We use I wish and the past simple to express wishes about the present or future. For example, Shaheen says:
I wish I was a bit more like Lady Macbeth.
She uses the past simple ('was') but she's talking about the present.
The ambition of Lady Macbeth
Mmm, ambition. Don’t we all have it? I sort of wish I was a bit more like Lady Macbeth and the Macbeths actually. Well, the play is about ambition and about what happens when ambition goes, not too far, but sort of unchecked in yourself. We are all ambitious. We all want to get ahead. We all want that, you know, the crown, but we know that we’re not going to do certain things, you know? Because we feel we’re good people and you can’t do that, it’s wrong, whatever. But in this play they see an opportunity. And it’s interesting that actually Macbeth for me, at the beginning of the play, he’s a good guy to me. He’s like, ‘Yeah, I really want that but of course I’m not going to kill him to get it.’ And then his wife, she’s like, ‘He’s not going to do it, is he?’ And then what happens in the end? She realises, you know, ‘Naught’s had, all’s spent, where our desire is got without content.’ And you think, yes, you realise that now. It’s like all of us in a way. You know, when you absolutely really want that house and your stomach’s churning or whatever it is that you desire so badly, a car or any material thing. In the end you get it and then it loses its lustre.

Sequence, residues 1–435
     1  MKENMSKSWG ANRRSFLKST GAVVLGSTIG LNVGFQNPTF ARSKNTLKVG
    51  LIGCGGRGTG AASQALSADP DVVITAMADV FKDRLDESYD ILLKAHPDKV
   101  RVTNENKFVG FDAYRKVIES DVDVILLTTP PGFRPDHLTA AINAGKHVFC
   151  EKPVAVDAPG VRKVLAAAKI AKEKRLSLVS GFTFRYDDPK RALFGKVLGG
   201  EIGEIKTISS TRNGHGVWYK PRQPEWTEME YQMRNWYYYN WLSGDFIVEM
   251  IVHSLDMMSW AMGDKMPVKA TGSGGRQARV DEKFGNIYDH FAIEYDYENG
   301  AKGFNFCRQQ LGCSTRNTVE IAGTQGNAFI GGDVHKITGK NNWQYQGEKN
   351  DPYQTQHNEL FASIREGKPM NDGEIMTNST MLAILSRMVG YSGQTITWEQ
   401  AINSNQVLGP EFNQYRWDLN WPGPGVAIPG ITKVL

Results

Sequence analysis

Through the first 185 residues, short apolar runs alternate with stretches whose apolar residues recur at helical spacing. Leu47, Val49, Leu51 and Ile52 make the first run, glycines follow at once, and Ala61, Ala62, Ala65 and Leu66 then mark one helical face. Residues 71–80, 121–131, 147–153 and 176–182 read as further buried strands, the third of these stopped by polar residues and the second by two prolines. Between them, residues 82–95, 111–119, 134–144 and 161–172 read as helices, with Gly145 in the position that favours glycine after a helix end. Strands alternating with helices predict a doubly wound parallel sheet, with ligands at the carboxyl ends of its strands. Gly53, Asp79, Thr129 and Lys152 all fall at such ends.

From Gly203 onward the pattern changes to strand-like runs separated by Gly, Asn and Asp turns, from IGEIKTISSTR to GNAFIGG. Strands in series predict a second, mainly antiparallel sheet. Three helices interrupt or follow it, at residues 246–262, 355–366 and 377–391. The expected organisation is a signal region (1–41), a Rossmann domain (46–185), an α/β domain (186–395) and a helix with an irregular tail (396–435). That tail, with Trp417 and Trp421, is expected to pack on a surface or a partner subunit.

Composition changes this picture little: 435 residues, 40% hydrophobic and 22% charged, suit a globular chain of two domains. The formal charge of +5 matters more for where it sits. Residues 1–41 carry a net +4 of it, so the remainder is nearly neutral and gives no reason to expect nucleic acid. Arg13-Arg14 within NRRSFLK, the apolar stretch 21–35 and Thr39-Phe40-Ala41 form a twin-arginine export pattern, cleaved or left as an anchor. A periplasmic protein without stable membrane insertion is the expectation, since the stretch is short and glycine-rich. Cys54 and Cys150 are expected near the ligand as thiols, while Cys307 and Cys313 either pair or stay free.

A British Asian production of Macbeth
So many Indian films and stories have taken their inspiration from Shakespeare that obviously they relate to it and it’s relevant for them. And so for us taking our Asian version of Macbeth through Britain was quite extraordinary. The British Asian audience loved it as did a lot of white audiences actually. What a lot of white people really liked was that they saw a different take on a lot of the Shakespeares they had seen. I mean, for example, our witches were hijras. Now, hijras in India are actually transvestites, transgender. They’re actually seen as the third gender. For me that was very exciting using the hijras as the witches in Macbeth. And the audience loved it. And it was interesting because there were people who said, you know, they’ve seen lots of Macbeths but they’ve never seen that kind of interpretation of the witches. And there was this lovely woman at one of the venues and she’d come with her children and she said, ‘It’s really interesting because this is their first Macbeth. I’ve seen lots. And my first Macbeth was typical witches with the pointy hats. And their version which they will take with them through their lifetime will be these, you know, half-men, half-women in these beautiful, colourful clothes.’ I think also we found quite a lot of comedy in the witches as well. Which I think is great because you don’t want the witches to just be these one-dimensional, you know, spooky kind of thing. You kind of want them to be a bit more. And what I loved about our Macbeth was actually there was quite a lot of comedy for such a dark piece. Somehow the hijras managed to bring something special.